Companies should review their monthly individual income tax returns for 2019 to determine if there are instances where the tax withheld on equity award income (together with other tax withheld for the relevant month) exceeded the employee’s gross salary for the applicable month. If this were to be the case, it is possible to apply for a reassessment of the taxes due in the applicable month. This would entail effectively telling the STA that taxes were withheld from an amount other than salary and that taxes were overwithheld, so companies will need to carefully consider if this is the right strategy for them. Further, under Swedish tax law, a taxpayer generally can apply for reassessment only when there is an obvious mistake, such as transposing figures. However, we have seen reassessments being accepted by the STA for this purpose. If the STA accepts the reassessment, it will refund any tax withheld in excess of the monthly salary to the employee via the company (and the employee would then be required to pay the tax when he/she files his/her annual tax return).[3]

Going Forward

To avoid any issues going forward, we believe companies essentially have two alternatives:

1. Withhold from salary and let employees cover the remainder of the taxes due on their own
Under this approach, the company will withhold taxes from the employee’s salary up to the employee’s gross monthly salary and leave it up to the employee to come up with the cash to pay any remaining amounts.  Instead of selling/withholding any shares to cover taxes, the company would issue all of the shares to the employee.

This means: (a) the withholding could wipe out an employee’s entire pay check for one month and (b) employees will have to come up with the cash to cover the remainder of the tax obligation if/when it is due.  With respect to (b), employees can sell shares received from the equity awards (e.g., upon vesting of RSUs), but this could be problematic if the issuance occurs during a black-out (although we assume the employee could plan accordingly and enter into a 10b5-1 plan to sell shares).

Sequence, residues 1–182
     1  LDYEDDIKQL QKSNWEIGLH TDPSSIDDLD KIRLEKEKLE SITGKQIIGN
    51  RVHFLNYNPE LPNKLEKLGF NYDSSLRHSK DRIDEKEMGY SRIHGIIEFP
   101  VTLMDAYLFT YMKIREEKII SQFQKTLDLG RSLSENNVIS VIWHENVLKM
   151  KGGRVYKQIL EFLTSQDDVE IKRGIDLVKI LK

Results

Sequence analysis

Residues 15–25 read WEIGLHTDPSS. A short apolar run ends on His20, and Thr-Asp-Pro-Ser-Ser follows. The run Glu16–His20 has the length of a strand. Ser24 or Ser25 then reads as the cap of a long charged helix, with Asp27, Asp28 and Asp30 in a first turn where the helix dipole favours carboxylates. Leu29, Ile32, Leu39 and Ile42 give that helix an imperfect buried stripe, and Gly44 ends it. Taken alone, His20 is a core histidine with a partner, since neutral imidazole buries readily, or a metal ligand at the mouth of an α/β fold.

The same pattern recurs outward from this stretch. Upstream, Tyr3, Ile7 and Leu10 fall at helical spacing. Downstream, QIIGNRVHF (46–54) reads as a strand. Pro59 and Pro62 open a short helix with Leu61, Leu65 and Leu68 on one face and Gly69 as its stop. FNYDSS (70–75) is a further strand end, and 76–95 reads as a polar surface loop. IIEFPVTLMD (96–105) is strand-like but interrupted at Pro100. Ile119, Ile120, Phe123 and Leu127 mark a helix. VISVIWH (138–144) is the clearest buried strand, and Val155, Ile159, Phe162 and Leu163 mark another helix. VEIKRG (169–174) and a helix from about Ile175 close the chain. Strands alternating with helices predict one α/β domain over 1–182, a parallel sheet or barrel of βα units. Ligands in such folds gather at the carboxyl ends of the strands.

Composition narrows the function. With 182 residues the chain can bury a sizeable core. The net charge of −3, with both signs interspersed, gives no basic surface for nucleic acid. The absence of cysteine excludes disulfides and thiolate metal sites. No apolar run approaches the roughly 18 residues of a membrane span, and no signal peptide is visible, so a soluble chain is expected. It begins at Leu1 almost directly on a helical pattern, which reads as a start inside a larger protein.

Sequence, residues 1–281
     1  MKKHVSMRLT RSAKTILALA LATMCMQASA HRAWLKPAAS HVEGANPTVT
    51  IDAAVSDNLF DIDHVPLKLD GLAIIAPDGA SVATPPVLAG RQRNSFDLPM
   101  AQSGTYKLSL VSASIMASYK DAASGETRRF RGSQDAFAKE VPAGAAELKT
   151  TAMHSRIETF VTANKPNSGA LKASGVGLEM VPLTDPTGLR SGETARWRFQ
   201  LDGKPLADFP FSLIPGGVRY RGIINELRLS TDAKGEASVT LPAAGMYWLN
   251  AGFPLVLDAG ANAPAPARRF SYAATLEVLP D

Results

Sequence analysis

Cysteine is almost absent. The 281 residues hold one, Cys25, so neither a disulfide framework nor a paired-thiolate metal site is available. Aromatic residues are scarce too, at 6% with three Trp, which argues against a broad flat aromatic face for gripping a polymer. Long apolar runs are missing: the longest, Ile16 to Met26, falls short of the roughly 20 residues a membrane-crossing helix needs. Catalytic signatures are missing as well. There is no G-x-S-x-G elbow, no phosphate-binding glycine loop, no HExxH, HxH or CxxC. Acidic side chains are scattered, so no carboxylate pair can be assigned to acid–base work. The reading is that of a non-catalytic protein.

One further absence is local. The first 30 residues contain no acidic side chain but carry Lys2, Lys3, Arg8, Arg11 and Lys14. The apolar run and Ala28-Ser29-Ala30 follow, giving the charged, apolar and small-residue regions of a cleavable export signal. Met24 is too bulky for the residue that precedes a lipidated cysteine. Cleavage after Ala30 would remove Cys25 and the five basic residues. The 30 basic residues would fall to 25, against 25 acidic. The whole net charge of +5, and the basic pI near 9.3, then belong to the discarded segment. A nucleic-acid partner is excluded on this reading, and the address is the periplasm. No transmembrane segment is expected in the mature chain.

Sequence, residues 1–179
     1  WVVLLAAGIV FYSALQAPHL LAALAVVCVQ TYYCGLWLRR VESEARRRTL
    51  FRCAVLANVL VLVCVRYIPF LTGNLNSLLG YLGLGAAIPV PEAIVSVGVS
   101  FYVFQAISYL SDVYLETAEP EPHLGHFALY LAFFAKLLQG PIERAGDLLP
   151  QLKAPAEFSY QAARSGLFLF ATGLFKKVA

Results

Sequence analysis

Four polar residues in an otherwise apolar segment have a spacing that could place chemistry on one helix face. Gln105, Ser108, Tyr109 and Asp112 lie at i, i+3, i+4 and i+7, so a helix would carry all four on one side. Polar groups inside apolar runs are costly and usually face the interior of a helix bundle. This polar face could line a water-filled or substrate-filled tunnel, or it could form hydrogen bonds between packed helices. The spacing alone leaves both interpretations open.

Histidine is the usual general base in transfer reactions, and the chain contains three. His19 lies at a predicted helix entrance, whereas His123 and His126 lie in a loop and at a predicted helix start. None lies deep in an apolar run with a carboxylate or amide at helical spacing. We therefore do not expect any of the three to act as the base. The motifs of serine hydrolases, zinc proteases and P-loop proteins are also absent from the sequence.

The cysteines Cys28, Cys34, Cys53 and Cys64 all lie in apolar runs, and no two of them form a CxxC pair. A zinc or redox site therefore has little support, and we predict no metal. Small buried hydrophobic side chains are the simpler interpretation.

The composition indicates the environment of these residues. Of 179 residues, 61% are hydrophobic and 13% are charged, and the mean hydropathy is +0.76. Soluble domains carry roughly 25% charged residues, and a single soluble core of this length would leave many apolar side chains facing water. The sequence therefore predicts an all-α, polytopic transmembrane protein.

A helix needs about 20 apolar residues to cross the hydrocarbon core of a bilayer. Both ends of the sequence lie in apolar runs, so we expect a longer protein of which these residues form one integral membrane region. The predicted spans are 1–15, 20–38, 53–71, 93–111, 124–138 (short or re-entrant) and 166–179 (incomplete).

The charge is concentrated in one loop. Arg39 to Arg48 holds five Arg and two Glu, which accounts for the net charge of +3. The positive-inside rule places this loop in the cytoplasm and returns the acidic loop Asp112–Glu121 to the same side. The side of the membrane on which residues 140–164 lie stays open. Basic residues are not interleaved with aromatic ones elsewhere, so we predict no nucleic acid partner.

2. Withholding from salary AND sell-to-cover/share withholding

    1. Step 1:  In the month of the taxable event, the local employer would withhold taxes from the employee’s salary up to the employee’s monthly salary and report only these withholdings through PAYE.
    2. Step 2:  The issuer would sell/withhold shares to cover the remaining taxes owed on the award income – these amounts would not be remitted or reported through PAYE. Instead, the issuer would either: (a) remit any remaining taxes to the employee’s tax account with the STA on behalf of the employee or (b) remit the amount of taxes to the employee for the employee to pay directly to the STA.

This alternative is more employee friendly as the employee can settle the tax liability immediately and will not have to worry about having to sell shares to cover the taxes due. However, it is more burdensome for the issuer from an administrative perspective.


As a first step, companies should check with their local payroll in Sweden to see if local payroll is aware of the issue and may have already been approached by the STA. As noted, it is recommended to review if the issue of withholding tax in excess of an employee’s monthly salary has already occurred in 2019 and, further, whether to file for a reassessment of taxes for the relevant month. Going forward, companies also need to make a decision on whether to change their withholding practices to follow one of the approaches outlined above. Most likely, communications to the affected employees will be required or at least highly advisable. Separately, some companies may decide to approach the STA to lobby for a change to the withholding rules for equity award income. We would be happy to assist with any of the above.


I would like to thank my colleagues Linnea Back (based in our Stockholm office) and Bianca Lansdown (based in our San Francisco office) for their help with drafting this post.

[1] If the total tax owed by an individual for the relevant tax year exceeds SEK 20,000, however, payment of the taxes must be made by February of the following year to avoid interest becoming due on the taxes owed.
[2] It is not entirely clear if the STA would be entitled to penalize companies for using these withholding methods. However, there is a chance an employee could claim to be entitled to the value of the shares sold/withheld (even though these amounts were used to settle taxes due by the employee).
[3] See FN 1.